Wyoming White Pages

Find people in Wyoming using our white pages. Search for someone by name, phone number, zip code or address. Find who you're looking for, and immediately see their name and address for free. For a premium, you can also see their phone number and run a background check to get ahold of criminal records, bankruptcies, marriage and divorce history, liens against them, and more.

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Use Addresses’ massive database to search for anyone living in the state of Wyoming. Addresses provides some of the most accurate information available. Our information is updated frequently using public records; this includes:

  • court records
  • birth certificates
  • marriage certificates
  • death certificates
  • criminal records
  • licensing information
  • voting records
  • historical data
  • real estate transactions and deeds
  • census bureau data
Notable People from WyomingNotable Work/Position
Harrison FordActor, Academy Award nominated Best Actor
Jackson PollockPainter, major influence in abstract expressionism
Eliza Stewart BoydFirst woman in the U.S. ever selected to serve on a jury
Curtis “Curt” GowdySportscaster, known as the long-time broadcast voice of the Boston Red Sox
Rulon GardnerGreco-Roman Olympic Gold Medalist wrestler
Dana PerinoWhite House Press Secretary for G.W. Bush
Richard “Dick” Cheney46th Vice President of the U.S. (2001-2009)
Nellie Tayloe RossFirst woman sworn in as a governor of a U.S. state, only Woman to have served as governor of Wyoming
Gerald “Gerry” SpenceHigh-profile trial lawyer, author

Searching for Someone in Wyoming

Wyoming is the least populated state in the U.S. The total population of Wyoming is 577,737 residents with over 230,237 households. The average household size is 2.5 members (based on 2017 census data). To refine your search for someone in Wyoming, consider the age, gender, and demographic of your subject to ensure you’re on the right track.

The predominant race in Wyoming is white, making up 83.8% of the state’s population. The median age is 37.5, with 49% of the total population female and 51% male. The most populated city is Cheyenne with 63,957 people.

The economy of Wyoming employs 270,000 people. The median income is $60,938. Leading economic industries in Wyoming include mining and extraction (oil, coal, gas), agriculture (grains and livestock), government services, manufacturing, and tourism.

Top 3 SchoolsCity# of GraduatesGraduation RateAcceptance RateMost Popular Degrees
Univ. of WyomingLaramie3,05755.4%95.1%Nursing, Psychology, Education
Laramie County CCCheyenne79724.2%100.0%Nursing, Health Sciences, Education
Sheridan CollegeSheridan78239.9%100.0%Health Services, Technology

Wyoming Real Estate

Use Addresses to find information about a residence you’re interested in. Whether you’re planning on living at that address, or intend to rent or buy from the owner, you can find out more information about your next-door neighbors, current or pending!

Home values in Wyoming have gone up 3.7% in the past year and are anticipated to rise 1.6% in 2019. The median home value is $226,300 with the median price per square foot at $171. The median rent price is $1,125. The median listing price for homes statewide is $256,511.

The city with the highest home value is Cheyenne, with a median home value of $205,000.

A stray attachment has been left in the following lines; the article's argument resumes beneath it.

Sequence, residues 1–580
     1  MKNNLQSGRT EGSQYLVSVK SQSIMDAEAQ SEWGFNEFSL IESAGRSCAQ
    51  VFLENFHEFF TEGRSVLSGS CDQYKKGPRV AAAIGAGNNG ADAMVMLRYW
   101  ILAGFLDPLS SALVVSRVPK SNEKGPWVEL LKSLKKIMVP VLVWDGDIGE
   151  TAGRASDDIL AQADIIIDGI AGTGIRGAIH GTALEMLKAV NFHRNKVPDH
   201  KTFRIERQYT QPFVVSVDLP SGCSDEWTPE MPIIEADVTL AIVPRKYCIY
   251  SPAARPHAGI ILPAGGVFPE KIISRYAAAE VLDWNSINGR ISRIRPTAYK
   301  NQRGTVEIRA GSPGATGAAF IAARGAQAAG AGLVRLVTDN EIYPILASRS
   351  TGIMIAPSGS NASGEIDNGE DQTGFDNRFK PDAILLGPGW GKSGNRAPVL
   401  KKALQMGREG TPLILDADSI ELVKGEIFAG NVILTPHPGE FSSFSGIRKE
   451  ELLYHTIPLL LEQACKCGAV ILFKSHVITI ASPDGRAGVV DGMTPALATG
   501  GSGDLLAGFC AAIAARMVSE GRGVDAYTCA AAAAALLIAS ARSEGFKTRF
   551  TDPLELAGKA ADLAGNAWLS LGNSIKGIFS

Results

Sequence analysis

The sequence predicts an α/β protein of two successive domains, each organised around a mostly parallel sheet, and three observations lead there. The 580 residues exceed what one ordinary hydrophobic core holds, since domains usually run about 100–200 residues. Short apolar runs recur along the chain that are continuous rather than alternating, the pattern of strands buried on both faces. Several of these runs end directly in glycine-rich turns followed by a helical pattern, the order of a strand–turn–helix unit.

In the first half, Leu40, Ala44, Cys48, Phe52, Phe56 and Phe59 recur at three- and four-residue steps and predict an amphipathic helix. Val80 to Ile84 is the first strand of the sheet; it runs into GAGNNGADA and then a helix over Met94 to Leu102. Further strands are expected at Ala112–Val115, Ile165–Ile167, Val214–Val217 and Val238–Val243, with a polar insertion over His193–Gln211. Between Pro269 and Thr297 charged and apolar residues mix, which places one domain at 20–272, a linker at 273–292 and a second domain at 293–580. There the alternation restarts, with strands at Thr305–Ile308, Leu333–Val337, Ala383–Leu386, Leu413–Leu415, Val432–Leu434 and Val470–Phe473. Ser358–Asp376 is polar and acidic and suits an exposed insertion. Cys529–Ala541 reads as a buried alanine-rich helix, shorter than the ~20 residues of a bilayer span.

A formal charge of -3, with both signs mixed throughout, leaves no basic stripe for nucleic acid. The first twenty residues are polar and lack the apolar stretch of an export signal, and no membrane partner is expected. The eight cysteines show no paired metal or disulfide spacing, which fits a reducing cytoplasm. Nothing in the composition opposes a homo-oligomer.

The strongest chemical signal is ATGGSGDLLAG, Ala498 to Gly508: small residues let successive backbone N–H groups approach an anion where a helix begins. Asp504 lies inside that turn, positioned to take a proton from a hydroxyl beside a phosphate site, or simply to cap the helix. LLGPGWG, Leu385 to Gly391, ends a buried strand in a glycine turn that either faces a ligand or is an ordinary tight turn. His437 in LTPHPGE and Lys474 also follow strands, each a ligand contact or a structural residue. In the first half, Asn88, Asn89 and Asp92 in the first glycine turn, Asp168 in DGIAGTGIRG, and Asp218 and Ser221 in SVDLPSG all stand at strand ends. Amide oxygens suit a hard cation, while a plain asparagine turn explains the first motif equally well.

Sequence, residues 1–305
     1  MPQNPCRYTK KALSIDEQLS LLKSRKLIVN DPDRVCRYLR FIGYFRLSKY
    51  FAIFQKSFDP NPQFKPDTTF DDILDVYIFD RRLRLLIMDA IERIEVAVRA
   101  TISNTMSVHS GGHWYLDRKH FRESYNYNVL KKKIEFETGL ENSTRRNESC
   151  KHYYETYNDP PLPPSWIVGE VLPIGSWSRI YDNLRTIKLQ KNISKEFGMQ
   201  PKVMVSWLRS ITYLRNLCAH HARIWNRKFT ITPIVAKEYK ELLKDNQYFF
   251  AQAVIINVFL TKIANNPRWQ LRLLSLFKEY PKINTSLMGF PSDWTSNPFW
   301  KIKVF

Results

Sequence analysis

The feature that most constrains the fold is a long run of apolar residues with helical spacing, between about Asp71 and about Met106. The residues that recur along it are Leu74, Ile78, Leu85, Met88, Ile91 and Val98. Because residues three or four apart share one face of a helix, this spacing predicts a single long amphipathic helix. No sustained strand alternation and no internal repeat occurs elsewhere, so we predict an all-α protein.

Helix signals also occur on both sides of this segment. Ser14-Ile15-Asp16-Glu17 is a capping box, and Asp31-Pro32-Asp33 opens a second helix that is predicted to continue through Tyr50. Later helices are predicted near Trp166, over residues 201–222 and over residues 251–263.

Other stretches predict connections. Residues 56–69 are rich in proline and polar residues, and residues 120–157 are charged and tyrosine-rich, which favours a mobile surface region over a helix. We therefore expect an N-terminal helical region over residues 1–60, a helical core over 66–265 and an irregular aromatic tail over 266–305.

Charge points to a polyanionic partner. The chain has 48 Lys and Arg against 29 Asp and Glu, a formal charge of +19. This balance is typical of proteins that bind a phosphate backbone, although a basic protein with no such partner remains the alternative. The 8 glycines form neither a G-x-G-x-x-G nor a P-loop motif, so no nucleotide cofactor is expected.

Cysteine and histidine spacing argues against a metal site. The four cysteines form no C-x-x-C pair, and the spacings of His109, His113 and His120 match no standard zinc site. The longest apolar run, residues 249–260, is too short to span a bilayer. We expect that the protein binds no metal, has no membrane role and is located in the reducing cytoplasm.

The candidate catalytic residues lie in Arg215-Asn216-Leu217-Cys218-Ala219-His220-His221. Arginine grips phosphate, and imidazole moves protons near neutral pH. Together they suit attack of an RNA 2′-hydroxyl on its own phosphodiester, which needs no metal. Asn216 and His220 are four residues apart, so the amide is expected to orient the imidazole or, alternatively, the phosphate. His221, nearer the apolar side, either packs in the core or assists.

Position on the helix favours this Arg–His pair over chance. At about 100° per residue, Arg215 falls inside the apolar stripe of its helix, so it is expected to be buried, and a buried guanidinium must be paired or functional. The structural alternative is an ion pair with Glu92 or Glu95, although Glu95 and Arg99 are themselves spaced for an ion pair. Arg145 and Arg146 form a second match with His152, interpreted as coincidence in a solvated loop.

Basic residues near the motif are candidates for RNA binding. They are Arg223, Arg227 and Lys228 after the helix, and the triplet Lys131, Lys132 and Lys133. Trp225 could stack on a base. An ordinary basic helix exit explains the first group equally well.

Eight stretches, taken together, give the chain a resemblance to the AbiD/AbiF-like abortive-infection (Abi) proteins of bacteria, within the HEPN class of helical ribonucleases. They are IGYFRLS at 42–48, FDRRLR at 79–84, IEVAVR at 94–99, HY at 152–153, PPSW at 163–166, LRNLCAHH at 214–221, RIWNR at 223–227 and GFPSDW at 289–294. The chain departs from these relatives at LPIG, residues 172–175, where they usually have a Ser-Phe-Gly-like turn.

CityAvg. Home ValueAvg. Household Income

Wyoming Facts

Official Name: Wyoming

Name Meaning: The name Wyoming was likely derived from a Delaware or Dakota Indian word meaning “large plains” or “big flats.”

Nickname: The Equality State

Constitution Ratified: 1890

Statehood: July 10, 1890 (44th State)

Capital: Cheyenne

Total Number of Counties: 23

Largest City: Cheyenne

Largest County (by population): Laramie County

Population (as of 2018): 577,737

History: Wyoming was home to many Native American tribes before the arrival of European explorers. While many countries claimed the territory upon arrival (France, Great Britain, Mexico, Spain, the fledgling United States), few established colonies. When the United States purchased the Louisiana Territory from France in 1803, a significant portion of the what is now Wyoming was included in the purchase. Settlers began to establish trading posts, and many traveled through Wyoming westbound to the Oregon Trail. Railroad travel was introduced in 1860 resulting in more migration, but the area was still largely uninhabited with few settlements or outposts. In 1869, the land was declared the Wyoming Territory; 11 years later, in 1890, Wyoming became a state and the 44th to join the Union.

Fast Facts:

  • Wyoming is the 10th largest state geographically in the U.S., but the least populated state in the country.
  • Cody, Wyoming is named after William “Buffalo Bill” Cody in recognition of his founding of the city in 1896.
  • President Theodore Roosevelt declared Devils Tower the first national monument in 1906.
  • Wyoming designated the triceratops as the official state dinosaur in 1994, a mere 65 million years after the animal roamed the state.
  • Nearly half of Wyoming land is owned by the federal government (48%); the state of Wyoming owns an additional 5.6%.
  • The University of Wyoming was established in 1886, when Wyoming was still a territory. Wyoming did not become a state until four years later.
  • Although Wyoming is a landlocked state, it has 32 islands; most can be found in Jackson Lake and Yellowstone Lake.
  • 1n 1891, President Benjamin Harrison designated Shoshone National Forest the first federally protected National Forest in the country.

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